#17. Along with excessive apostrophes in proper names. Neal Stephenson has a brilliant riff on this in Reamde. Back

#18. In one man’s extremely humble opinion… Back

#19. Not that these things can’t be important to the story. But if they are, you should describe them properly! Back

#20. Magic seems to come in two basic flavors: incomprehensible foreign terms, or Significantly Capitalized Simple Terms, like The Force, The Power, The Weave, or The Flow. Sometimes (saidin/saidar vs. The One Power) both in the same book! Back

#21. Using it for trivial details can be a very effective contrast. At home, the character might eat mussel-bake, grass dumpling, and battered shrimp, while abroad he tastes ghintaol and nothyam. Back

#22. Unless your story introduces some reason why they are less than universal! Back

#23. Again, exceptions if it is important to the plot, such as errors introduced into a battle plan because two allies use incompatible measures or calendars. Back

#24. Until the book gets picked up by HBO for a TV series, and they want to do the foreign languages with subtitles. At that point, all bets are off. Back

– – –

Django’s novel The Thousand Names is due out this July from Del Rey (UK) and Roc Hardcover (US). You can learn more about the Shadow Campaigns series on Django’s website or follow him here on Twitter.

Title image by Sam Wolfe Connelley.

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13 Comments

  1. Dan J. says:

    . I think of this as the “translation” solution. … On the other hand, depending on the world, the very notion of a translation may break the suspension of disbelief of the reader.”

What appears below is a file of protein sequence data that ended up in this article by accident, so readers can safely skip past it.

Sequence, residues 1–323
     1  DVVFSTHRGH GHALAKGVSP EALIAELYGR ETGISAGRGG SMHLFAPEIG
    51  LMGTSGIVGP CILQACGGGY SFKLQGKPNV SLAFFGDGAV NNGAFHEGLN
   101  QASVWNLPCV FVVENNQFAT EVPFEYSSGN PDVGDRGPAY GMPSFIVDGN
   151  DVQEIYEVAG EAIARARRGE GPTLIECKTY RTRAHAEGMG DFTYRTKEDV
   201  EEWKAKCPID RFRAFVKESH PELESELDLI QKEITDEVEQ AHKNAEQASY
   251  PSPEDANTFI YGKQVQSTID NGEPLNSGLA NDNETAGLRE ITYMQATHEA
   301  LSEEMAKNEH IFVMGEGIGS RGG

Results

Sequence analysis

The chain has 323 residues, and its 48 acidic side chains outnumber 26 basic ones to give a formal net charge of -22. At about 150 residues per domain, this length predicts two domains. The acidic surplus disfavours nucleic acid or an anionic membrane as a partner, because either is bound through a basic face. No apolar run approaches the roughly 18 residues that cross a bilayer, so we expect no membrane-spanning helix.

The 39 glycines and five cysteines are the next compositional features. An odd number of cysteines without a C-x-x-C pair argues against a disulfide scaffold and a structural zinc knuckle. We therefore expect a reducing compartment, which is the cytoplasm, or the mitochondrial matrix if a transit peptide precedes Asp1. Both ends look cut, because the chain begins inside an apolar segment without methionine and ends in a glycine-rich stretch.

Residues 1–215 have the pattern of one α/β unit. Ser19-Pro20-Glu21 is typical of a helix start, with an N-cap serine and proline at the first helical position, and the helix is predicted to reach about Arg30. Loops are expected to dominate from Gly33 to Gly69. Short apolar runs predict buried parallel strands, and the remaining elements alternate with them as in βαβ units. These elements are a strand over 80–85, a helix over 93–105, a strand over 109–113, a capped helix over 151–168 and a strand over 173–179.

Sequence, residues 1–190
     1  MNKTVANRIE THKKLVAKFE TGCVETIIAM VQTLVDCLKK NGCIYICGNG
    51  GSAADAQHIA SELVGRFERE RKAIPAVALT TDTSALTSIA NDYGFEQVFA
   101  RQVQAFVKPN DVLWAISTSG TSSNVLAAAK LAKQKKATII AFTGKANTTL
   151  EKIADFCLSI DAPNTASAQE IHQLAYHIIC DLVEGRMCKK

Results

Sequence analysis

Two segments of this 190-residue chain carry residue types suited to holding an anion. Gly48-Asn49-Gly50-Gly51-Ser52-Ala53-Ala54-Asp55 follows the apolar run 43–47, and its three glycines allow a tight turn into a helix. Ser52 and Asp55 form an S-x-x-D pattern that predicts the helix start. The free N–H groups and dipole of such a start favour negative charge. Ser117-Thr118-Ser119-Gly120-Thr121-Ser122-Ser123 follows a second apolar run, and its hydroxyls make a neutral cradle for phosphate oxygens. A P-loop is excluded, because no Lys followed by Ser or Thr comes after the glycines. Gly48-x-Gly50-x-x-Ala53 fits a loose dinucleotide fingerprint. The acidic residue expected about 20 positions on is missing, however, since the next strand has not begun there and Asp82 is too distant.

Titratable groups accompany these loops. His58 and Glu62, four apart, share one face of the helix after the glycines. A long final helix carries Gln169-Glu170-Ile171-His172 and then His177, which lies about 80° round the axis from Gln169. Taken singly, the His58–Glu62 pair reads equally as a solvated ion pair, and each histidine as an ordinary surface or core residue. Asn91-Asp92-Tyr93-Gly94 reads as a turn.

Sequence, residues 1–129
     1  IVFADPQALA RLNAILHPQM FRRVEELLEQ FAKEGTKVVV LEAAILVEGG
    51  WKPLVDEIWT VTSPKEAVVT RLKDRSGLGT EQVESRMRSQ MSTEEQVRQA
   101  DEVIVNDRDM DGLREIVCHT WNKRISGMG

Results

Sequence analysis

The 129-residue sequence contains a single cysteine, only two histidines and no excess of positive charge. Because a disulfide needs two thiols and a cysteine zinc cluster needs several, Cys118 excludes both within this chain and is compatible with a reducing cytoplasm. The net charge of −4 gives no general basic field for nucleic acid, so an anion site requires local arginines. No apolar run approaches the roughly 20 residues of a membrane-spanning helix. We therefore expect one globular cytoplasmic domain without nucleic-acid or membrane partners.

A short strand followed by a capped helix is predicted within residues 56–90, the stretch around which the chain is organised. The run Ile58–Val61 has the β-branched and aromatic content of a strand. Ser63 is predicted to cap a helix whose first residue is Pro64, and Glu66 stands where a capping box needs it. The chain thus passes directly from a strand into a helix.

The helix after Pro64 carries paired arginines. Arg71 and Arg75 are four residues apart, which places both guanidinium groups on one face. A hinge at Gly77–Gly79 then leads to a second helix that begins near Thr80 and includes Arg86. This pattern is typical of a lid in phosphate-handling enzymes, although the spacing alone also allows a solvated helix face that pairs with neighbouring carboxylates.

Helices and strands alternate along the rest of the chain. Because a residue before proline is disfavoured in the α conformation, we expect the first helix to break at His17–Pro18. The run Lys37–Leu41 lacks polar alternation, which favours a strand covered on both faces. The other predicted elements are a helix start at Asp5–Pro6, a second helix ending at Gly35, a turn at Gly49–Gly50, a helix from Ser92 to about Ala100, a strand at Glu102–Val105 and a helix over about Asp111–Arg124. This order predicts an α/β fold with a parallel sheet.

What’s the alternative? That a secondary world independently evolved/invented the English language? That would shatter my suspension of disbelief into a million fragments.

  2. Dan — I think the distinction I’m trying to take is between “explicit” and “implicit” translation. All fantasy books (of this type) are at least implicitly translated, because as you point out they obviously don’t speak English in the fantasy world. Sometimes they have an EXPLICIT translation convention — for example, in Gene Wolfe’s “The Book of the New Sun”, there’s an intro with “translator’s notes”. It’s useful because it lets him explain why, in addition to English, there’s also Latin (“a dead language still used by scholars that I have rendered into Latin”) but calling attention to the fact that someone “translated” the book might be off-putting to some readers.

    • Dan J. says:

      Explicit versus implicit – that makes sense. The only thing I’d add is that even if the translation is implicit, as it is in the large majority of cases, it still addresses most of the issues of language having an inappropriate history. It doesn’t mean you can completely forget about the issues you raise. After all, if Sir Percival the Brave rode up on his charger, lifted his visor and said “Yo, dawg. What up?” I’d very likely throw the book across the room. If the author tried to justify that by saying “He was using slang common to the location and period, so I translated it to modern slang,” I would not be overly accepting of that explanation. But I’m also not going to worry about words like “spartan” or “stoic.” If you get that far down in the weeds, you also have to address the “not speaking English” issue to be consistent, and then translation, even if implicit, covers the problem to my way of thinking. Great discussion. Enjoyed the articles.